Then, the RTO 210 determines whether VFD is active, as shown in block 608. This determination, which may be performed similar to the discussion of block 604, may include verifying equipment settings to determine if any of the pumps have VFDs that may be adjusted. For instance, the use of the VFD may be enabled or disabled by the operator toggling a setting within a graphical user interface on the RTO. If the VFD is inactive, then the RTO may monitor operations at block 610. However, if the VFD is active, the RTO 210 determines whether the pipeline is in gear, as shown in block 612. This determination may be based on comparisons of the current equipment settings to the RTO recommended equipment settings, for example. If the pipeline is not in gear, then the operations may be monitored in block 610. However, if the pipeline is in gear, then a configurable idling time may be adjusted, as shown in block 614. For example, if the gear was recently changed, the configurable idling time may be reset to an initial value. Otherwise, the configurable idling time may be a setting that is decreased by a specific value as part of a counter to provide an update within a specific interval.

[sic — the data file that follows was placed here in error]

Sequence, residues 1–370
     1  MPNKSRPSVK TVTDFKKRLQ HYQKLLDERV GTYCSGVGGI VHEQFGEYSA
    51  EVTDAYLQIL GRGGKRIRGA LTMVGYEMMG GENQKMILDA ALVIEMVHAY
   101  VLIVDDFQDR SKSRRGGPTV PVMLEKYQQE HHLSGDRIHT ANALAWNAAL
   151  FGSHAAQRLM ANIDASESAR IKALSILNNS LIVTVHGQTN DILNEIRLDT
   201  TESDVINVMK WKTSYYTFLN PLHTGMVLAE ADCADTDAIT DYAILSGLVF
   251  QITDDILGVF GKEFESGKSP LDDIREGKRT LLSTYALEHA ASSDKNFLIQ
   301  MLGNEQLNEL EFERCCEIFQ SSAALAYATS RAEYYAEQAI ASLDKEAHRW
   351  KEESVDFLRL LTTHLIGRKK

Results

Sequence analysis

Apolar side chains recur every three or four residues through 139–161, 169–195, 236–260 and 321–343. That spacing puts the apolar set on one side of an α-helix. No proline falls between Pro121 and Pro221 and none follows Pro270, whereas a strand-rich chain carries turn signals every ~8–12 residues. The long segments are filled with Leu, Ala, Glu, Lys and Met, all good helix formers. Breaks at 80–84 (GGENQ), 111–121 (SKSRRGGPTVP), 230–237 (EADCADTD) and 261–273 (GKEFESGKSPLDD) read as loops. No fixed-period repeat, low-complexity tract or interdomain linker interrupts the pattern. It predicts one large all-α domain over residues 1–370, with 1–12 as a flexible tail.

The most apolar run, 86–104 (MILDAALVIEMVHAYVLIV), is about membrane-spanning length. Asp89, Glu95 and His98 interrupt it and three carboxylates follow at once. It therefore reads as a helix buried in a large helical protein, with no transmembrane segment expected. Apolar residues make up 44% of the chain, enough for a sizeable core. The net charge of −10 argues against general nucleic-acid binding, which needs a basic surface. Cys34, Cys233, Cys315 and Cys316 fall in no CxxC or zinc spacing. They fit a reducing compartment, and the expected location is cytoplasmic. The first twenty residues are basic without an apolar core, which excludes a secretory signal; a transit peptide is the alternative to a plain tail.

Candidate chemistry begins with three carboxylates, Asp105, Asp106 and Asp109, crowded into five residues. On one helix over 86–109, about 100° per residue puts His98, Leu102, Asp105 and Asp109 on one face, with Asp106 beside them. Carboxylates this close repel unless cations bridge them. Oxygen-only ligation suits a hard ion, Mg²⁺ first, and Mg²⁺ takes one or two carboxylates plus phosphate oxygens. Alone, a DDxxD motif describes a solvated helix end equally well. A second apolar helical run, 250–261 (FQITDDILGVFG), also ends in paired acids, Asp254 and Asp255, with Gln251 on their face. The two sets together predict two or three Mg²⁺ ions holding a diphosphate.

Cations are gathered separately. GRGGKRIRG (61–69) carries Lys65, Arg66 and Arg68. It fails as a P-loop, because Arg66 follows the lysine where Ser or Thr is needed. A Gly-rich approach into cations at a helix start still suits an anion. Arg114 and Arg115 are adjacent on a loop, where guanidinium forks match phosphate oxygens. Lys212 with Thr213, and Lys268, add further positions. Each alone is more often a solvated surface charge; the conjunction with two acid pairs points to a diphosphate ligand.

After the configurable idling time is adjusted, a determination is made whether the configurable idling time has reached a specific threshold, as shown in block 616. For instance, the threshold may be when the configurable idling time is equal to or below zero. If the configurable idling time is above or not at the threshold, then the RTO may continue to monitor operations at block 610. However, if the configurable idling time has reached the threshold, then the RTO may perform a VFD rule check in block 618. The VFD rule check may involve determining if any VFD equipment settings are available for the pipeline's gear, determining if the VFD equipment setting needs to be decreased and/or determining if the VFD equipment setting needs to be increased. For example, the VFD pressure may be decreased if any of the suction pressures are less than or equal to a configured setting for specific suction pressures and all of the line pressures are less than or equal to a configured setting for each line pressure. Further, the VFD pressure may be increased by a value if all of the suction pressures values are greater than or equal to a configured setting for each suction pressure and all of the line pressures values are less than or equal to a configured setting for each line pressure. Exemplary pseudo code for one embodiment of generating an updated recommendation is listed below in Appendix C under “Perform the VFD rule check,” “Perform the VFD decrease check” and “Perform the VFD increase check.”